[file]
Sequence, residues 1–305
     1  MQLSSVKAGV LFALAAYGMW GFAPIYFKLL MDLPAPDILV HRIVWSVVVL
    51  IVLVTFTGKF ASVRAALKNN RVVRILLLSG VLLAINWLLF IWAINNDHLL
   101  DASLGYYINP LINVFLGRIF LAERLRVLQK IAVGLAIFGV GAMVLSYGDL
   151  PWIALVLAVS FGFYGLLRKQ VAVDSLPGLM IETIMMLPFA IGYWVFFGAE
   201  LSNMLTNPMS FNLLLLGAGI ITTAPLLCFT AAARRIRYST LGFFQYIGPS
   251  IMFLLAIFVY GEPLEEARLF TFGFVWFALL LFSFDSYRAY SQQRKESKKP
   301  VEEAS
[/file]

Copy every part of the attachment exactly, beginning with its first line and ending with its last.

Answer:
Sequence, residues 1–305
     1  MQLSSVKAGV LFALAAYGMW GFAPIYFKLL MDLPAPDILV HRIVWSVVVL
    51  IVLVTFTGKF ASVRAALKNN RVVRILLLSG VLLAINWLLF IWAINNDHLL
   101  DASLGYYINP LINVFLGRIF LAERLRVLQK IAVGLAIFGV GAMVLSYGDL
   151  PWIALVLAVS FGFYGLLRKQ VAVDSLPGLM IETIMMLPFA IGYWVFFGAE
   201  LSNMLTNPMS FNLLLLGAGI ITTAPLLCFT AAARRIRYST LGFFQYIGPS
   251  IMFLLAIFVY GEPLEEARLF TFGFVWFALL LFSFDSYRAY SQQRKESKKP
   301  VEEAS